Panic Room

Movie review by
Nell Minow, Common Sense Media
Panic Room Movie Poster Image
Popular with kidsParents recommend
Extreme suspense, graphic violence; not for kids.
  • R
  • 2002
  • 112 minutes

Parents say

age 15+
Based on 11 reviews

Kids say

age 13+
Based on 32 reviews

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A lot or a little?

The parents' guide to what's in this movie.


Constant peril and suspense.




Very strong language.

Drinking, Drugs & Smoking

Character drinks to excess.

What parents need to know

Parents need to know that this movie has extreme suspense and some graphic violence. A child is in peril. Characters use strong language.

User Reviews

  • Parents say
  • Kids say
Adult Written bythe.misanthropist April 18, 2015

Phenomenal performances from Jodie Foster and Forrest Whitaker

Panic Room is a nail-bitting, edge-of-your-seat psychological thriller. Here's the thing: If your child(ren) who is/are under 14 years old wants to watch t... Continue reading
Adult Written bySpencer H. March 19, 2021

Excellent thriller but way too much strong language

The R rating was definitely deserved for the language alone. Some of the violence is intense but not terrible. However there is constant use of strong language... Continue reading
Teen, 13 years old Written byEmzygirl May 17, 2016

Panic room - fine for mature 12 year olds

I think panic room, in the adult reviews, is made out to be SUPER SCARY. Let me tell you - in my opinion, it's really not. And i am a WIMP. Yes, there is s... Continue reading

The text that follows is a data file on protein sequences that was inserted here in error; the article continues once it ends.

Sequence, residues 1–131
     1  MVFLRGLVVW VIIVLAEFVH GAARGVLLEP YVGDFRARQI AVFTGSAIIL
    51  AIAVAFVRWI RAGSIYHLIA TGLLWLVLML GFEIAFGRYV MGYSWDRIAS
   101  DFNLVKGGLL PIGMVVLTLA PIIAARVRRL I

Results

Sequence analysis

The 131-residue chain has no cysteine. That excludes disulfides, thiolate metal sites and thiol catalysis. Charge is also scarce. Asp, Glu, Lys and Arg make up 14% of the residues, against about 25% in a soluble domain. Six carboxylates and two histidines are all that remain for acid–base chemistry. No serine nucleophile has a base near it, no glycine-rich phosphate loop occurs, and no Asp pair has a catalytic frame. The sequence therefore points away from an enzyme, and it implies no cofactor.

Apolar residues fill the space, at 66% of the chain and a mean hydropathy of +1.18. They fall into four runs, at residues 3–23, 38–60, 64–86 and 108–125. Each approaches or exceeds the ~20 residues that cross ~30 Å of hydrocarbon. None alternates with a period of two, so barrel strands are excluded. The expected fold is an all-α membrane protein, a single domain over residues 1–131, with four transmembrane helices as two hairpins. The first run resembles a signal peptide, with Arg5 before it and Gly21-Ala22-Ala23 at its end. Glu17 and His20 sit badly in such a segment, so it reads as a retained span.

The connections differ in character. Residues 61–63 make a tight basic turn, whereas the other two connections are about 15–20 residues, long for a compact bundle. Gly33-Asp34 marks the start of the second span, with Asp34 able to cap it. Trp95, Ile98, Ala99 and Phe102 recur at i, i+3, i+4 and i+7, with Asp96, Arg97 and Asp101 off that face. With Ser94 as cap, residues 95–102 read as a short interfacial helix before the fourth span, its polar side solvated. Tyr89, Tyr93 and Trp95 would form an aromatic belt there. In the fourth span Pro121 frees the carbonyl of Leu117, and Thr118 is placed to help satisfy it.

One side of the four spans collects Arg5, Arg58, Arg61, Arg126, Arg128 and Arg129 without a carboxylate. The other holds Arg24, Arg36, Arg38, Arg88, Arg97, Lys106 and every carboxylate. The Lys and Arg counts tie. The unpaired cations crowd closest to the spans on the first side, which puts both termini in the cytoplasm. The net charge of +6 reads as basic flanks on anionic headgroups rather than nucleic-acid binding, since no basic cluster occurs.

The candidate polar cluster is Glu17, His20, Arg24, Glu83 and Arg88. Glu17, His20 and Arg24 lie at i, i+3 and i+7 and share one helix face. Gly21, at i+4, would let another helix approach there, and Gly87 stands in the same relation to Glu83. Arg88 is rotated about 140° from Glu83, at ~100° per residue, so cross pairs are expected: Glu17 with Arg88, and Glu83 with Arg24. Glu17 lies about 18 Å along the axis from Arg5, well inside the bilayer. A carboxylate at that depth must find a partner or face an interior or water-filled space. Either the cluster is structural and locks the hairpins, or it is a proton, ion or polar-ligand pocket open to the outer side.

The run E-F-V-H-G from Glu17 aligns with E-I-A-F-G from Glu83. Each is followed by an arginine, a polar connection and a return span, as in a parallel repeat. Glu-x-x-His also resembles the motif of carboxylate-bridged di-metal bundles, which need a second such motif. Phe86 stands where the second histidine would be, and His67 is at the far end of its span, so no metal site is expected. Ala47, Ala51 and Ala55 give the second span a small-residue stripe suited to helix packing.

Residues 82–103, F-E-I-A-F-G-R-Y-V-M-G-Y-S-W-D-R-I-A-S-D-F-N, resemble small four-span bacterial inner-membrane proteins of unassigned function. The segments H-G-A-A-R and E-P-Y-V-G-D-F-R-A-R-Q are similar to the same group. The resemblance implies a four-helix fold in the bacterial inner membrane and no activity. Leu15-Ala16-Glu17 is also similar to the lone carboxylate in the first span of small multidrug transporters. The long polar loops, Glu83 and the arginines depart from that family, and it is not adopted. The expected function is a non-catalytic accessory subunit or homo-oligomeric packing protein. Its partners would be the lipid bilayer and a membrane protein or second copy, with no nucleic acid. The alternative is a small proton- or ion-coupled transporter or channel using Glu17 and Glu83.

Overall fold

Teen, 14 years old Written bylimes and goldfish June 25, 2020

Panic Room

Not quite deserving of a 16+. A heavy amount of profanity is used, mostly by the thieves, but a responsible 13 year old should recognize that these words should... Continue reading

What's the story?

This thriller, in the claustrophobic mode of Rear Window, finds Meg (Jodie Foster), a recent divorcee, and her combative daughter Sarah (Kristen Stewart), trapped in the secret vault/bomb shelter/safe room set up by their apartment's previous owner, a paranoid millionaire with a squabbling family. The least favorite cousin, Junior (Jared Leto), has broken into the apartment with the help of security expert Burnham (Forest Whitaker) and tag-along psycho Raoul (Dwight Yoakam). The bad guys want in to the vault, where the old millionaire hid his millions. The girls just want to get out, but the protected phone line inside the room hasn't been activated yet (they just moved in). Meg's inner mama tiger takes over escalates as the burglars take more and more drastic steps to try and enter the impregnable vault, and Sarah moves from being a tough, sullen teen to a tough, sullen, wily teen.

Is it any good?

PANIC ROOM is not a movie about insight into the human condition or subtle, complex characters; this is just a movie about scaring the heck out of you, and it does that very expertly. On the outside, Forest Whitaker gets to play the good bad guy, while Mr. Leto and Mr. Yoakam act progressively more evil.

For a story which should have been a claustrophobic battle of wits, too often it's simply a battle of violence, although there are some riveting action sequences. And while the family dynamics are underdeveloped, the film does show how divorced parents and their children can remain a family even after separation.

Talk to your kids about ...

  • Families can talk about what the characters do to escalate the level of violence, and how acting from emotions as opposed to reason can aggravate problems, no matter how satisfying it may seem at the time. Divorced families will be especially interested in Sarah's father, who has in no way abandoned his daughter.

Movie details

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